U.S. legislation that would require legal entities to disclose the identity of their true owners to the Treasury Department for the first time won bipartisan support in a key congressional hearing Tuesday.
The Corporate Transparency Act, the latest version of a longstanding plan to close what many view as the largest gap in U.S. anti-money laundering rules, cleared the House Financial Services Committee by voice vote Tuesday, five weeks after its introduction by Reps. Carolyn Maloney (D-NY), Tom Malinowski (D-NJ) and Peter King (R-NY). The measure passed 43-16 in a recorded vote taken Wednesday.
Under the bill, individuals who own at least 25 percent of a U.S. corporation or limited liability company, have “substantial control” over that legal entity or derive substantial benefit from it would have to disclose their name, birthdate, address and passport or other ID number to the department’s Financial Crimes Enforcement Network, or FinCEN.
Filers would have to provide the data at the time of incorporation and reverify or update it each year.
The bill would also direct FinCEN to revise its customer due diligence rule to eliminate any requirements made “unnecessary or duplicative” by the new database. Financial institutions are the collector and repository of ownership data under the current version of the CDD rule, which took effect in May 2018.
FinCEN would supervise access to the database by state, local and foreign investigators and prosecutors, as well as financial institutions seeking to comply with the CDD rule.
That Maloney’s bill cleared committee with some degree of bipartisan support constitutes a “major event” in light of the fact that similar proposals have been in the works for more than a decade, John Byrne, former vice president of ACAMS, told moneylaundering.com.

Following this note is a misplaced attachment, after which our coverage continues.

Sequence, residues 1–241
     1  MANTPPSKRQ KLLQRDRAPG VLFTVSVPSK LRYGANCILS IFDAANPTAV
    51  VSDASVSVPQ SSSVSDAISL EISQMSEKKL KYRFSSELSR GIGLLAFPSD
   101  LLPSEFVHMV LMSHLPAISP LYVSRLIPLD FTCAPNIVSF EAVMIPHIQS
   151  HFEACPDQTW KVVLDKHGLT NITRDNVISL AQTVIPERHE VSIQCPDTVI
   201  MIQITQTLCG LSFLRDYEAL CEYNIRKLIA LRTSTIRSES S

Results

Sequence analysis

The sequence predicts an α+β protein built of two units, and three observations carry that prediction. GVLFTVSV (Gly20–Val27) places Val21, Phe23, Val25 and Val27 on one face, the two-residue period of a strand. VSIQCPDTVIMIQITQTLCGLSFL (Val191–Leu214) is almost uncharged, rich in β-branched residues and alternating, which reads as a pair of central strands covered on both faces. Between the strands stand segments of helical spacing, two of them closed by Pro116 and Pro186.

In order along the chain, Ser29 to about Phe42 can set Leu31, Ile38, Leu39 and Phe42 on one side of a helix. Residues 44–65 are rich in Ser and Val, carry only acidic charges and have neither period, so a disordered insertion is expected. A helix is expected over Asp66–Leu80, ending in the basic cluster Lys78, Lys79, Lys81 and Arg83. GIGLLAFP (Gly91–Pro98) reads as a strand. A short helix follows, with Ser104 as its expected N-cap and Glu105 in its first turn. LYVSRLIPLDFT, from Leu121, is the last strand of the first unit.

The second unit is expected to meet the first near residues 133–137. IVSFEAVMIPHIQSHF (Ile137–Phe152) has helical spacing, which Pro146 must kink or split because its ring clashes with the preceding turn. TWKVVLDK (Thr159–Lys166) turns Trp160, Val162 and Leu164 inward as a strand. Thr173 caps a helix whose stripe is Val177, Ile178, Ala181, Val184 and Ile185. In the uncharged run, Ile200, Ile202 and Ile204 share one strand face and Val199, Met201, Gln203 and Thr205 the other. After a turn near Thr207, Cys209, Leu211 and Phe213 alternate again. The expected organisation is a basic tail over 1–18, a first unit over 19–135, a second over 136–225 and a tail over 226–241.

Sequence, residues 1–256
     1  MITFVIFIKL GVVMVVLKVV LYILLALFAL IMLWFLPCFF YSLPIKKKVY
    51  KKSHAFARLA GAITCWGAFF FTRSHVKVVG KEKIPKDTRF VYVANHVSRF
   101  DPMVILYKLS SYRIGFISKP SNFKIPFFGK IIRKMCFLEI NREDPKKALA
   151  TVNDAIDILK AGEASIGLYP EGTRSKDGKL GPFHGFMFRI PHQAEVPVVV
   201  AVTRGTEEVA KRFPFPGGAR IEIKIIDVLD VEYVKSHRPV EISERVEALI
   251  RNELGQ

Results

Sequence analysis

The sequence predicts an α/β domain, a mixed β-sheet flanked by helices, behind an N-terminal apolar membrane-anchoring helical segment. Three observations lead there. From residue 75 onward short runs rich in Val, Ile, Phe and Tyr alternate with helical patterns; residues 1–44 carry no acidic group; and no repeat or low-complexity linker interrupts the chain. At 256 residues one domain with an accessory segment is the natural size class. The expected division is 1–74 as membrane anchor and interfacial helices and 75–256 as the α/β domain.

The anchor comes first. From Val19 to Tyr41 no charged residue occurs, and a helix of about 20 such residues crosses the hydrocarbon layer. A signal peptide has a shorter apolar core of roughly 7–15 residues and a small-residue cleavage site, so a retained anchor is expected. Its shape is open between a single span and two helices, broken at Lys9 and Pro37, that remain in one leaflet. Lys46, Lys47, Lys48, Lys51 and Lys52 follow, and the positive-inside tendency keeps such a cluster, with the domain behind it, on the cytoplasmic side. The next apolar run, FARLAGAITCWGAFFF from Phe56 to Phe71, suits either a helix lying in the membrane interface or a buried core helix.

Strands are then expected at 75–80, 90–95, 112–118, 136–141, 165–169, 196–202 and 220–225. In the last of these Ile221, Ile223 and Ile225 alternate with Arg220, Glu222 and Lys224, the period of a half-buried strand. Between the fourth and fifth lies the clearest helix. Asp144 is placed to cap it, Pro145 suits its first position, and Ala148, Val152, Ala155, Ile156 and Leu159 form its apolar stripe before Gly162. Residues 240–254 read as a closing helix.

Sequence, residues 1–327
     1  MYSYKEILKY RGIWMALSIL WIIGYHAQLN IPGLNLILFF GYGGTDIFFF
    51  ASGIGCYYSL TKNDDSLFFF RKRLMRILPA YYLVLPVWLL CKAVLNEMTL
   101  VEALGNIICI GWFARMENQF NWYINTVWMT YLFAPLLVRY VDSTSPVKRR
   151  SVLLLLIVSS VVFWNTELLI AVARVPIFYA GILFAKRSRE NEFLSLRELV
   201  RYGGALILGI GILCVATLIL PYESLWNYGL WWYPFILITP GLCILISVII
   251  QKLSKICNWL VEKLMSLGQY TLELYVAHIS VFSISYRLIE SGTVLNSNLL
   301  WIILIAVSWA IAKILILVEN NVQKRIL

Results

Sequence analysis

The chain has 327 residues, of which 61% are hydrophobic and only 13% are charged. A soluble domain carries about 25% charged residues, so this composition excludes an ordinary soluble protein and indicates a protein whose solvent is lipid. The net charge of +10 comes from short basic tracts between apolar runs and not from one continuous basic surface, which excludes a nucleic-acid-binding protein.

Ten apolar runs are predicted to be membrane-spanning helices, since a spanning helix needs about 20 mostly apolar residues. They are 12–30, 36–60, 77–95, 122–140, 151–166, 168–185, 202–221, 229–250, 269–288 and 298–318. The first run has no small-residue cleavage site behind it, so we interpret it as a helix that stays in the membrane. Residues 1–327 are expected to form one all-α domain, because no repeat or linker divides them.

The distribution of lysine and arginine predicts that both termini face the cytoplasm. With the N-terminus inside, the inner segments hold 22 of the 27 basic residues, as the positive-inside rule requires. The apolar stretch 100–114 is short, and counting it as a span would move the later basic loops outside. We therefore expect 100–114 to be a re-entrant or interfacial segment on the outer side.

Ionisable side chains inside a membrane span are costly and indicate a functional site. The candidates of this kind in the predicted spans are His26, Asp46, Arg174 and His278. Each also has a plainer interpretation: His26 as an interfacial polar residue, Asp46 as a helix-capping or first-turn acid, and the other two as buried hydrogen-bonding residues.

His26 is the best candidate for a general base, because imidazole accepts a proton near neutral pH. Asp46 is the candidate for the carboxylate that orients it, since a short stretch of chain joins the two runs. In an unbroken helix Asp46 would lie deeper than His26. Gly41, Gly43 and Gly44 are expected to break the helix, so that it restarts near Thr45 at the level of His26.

“The goal is simple, you want the beneficial ownership information,” said Byrne, now vice chairman of AMLRight Source, a consultancy based in Cleveland. “If you get it directly from the beneficial owners, there is no need for the banks.”
The legislation still faces opposition from senior Republican lawmakers, industry groups and civil rights advocates on both the left and right of the political spectrum.
During the markup Tuesday, Rep. Patrick McHenry (R-NC), the committee’s ranking member, praised Maloney for pulling the bill from consideration last month and working with Republicans to bolster its privacy safeguards.
But the measure still falls short of ensuring privacy, he said.
“This legislation does not require the judicial process to gain access to the beneficial ownership information,” said McHenry, who separately criticized Treasury officials for not responding to his requests for “non-anecdotal” evidence of why a new government-administered database of private citizens’ data is necessary.
Similar legislation began circulating in the Senate on Monday.
Contact Valentina Pasquali at firstname.lastname@example.org
UPDATE: Adds to the second paragraph to reflect that committee members approved the Corporate Transparency Act in a voice vote Tuesday and a recorded vote Wednesday.
|Topics :||Anti-money laundering , Know Your Customer , Counterterrorist Financing|
|Source:||U.S.: Congress , U.S.: FinCEN , U.S.: Department of Treasury|
|Document Date:||June 11, 2019|